There are at least two opposing fallacies when it comes to practicing fasting (and most of the Spiritual Disciplines). One, is to turn the practice into a legalism where you have to participate in fasting in order to be saved and to be acceptance by God. And the other extreme is to reject it completely because it is seen as too extreme, or as a part of a bygone era. Fasting is a part of the wisdom of living a spiritual life. The Bible and Christian history treat fasting with seriousness and that should make us investigate it seriously.

Fasting has been an assumed reality for the majority of Christian history, but the question remains- “why fast”? In our culture fasting might seem particularly strange because we are taught to indulge our desires and appetites. To resist a natural desire is considered unhealthy. We have come to believe that if we only had all of our desires fulfilled, that we would finally be happy. (The people I meet who give that kind of control to their desires are not happy people.) We live in a culture of indulgence. But, we don’t have to serve our appetites. We don’t have to be enslaved by our desires. When Jesus was fasting in the wilderness, he was tempted to turn stones into bread to feed his hunger. He responded by saying “one does not live by bread alone”. Jesus adds that we live, rather, “by every word that comes from the mouth of God.” It is God who ultimately sustains us. It is God’s word that keeps us in existence at every moment. If God were to stop speaking us into existence, we would no longer exist. By fasting we express that our true hunger, our true need, is for God.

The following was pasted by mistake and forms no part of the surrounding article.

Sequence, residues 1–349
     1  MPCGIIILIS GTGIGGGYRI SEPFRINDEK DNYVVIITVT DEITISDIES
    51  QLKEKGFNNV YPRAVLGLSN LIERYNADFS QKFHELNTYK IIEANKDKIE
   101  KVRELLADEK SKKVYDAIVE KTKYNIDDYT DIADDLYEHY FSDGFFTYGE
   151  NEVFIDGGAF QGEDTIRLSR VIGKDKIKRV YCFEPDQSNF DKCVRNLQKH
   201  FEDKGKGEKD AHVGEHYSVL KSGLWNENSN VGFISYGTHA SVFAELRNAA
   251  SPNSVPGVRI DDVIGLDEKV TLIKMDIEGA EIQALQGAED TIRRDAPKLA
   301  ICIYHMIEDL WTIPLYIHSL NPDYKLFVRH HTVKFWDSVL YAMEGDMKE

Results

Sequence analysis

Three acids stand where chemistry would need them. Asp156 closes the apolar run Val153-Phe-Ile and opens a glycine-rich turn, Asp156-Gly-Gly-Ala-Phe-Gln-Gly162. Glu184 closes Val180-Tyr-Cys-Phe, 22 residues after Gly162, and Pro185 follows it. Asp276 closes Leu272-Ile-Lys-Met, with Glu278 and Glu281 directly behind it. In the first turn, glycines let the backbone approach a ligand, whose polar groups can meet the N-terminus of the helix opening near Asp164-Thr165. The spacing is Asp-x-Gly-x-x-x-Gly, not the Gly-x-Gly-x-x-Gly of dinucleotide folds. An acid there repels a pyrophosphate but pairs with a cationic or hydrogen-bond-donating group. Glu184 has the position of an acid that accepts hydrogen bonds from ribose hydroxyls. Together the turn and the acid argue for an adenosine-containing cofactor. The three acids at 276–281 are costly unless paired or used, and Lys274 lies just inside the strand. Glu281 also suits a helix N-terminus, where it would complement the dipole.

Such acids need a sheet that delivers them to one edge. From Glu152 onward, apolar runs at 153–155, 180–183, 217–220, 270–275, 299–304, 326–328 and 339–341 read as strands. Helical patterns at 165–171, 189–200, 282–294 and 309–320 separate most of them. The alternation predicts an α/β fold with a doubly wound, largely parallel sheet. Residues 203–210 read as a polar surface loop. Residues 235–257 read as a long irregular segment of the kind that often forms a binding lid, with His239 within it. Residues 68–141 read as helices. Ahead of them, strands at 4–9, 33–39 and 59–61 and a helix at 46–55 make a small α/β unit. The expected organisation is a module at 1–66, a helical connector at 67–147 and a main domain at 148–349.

In C.S. Lewis’ Screwtape Letters. The demon Screwtape is advising a lesser demon, Wormwood, on the art of leading a human soul astray. At one point, on the topic of prayer, Screwtape advises,

 “At the very least, [humans] can be persuaded that the bodily position makes no difference to their prayers; for they constantly forget, what you must always remember, that they are animals and that whatever their bodies do affects their souls” (p16).
 Our bodies and our spirits are not independent of each other. Fasting uses our bodies to create energy for spiritual work.

So, what happens when we fast? There has been some recent interest in the area of fasting on the part of health researchers. 

 Jason Fung, a medical doctor, became interested in fasting because of his work with people living with type 2 diabetes (see The Complete Guide to Fasting by Jason Fung and Jimmy Moore). Fung became interested in fasting’s ability to control insulin and lower glucose levels in his diabetic patients. According to Fung, when we eat food it increases the insulin in our body. This causes our liver to store sugar in the liver and produce fat. When we fast, our insulin decreases, and we burn stored sugar and fat. While researching fasting Fung discovered it had a number of additional health benefits. Studies have shown that fasting lowers blood pressure, decreases risk of cancer, and increases growth hormone that helps maintain and grow muscle. Fasting has been shown to boost brainpower, slow the effects of aging, improve heart health, improve insulin sensitivity, lower blood cholesterol, decrease inflammation, and may help prevent Alzheimer’s disease. Fung also mentions that many ancient cultures have used fasting as a medical treatment as well as a spiritual practice.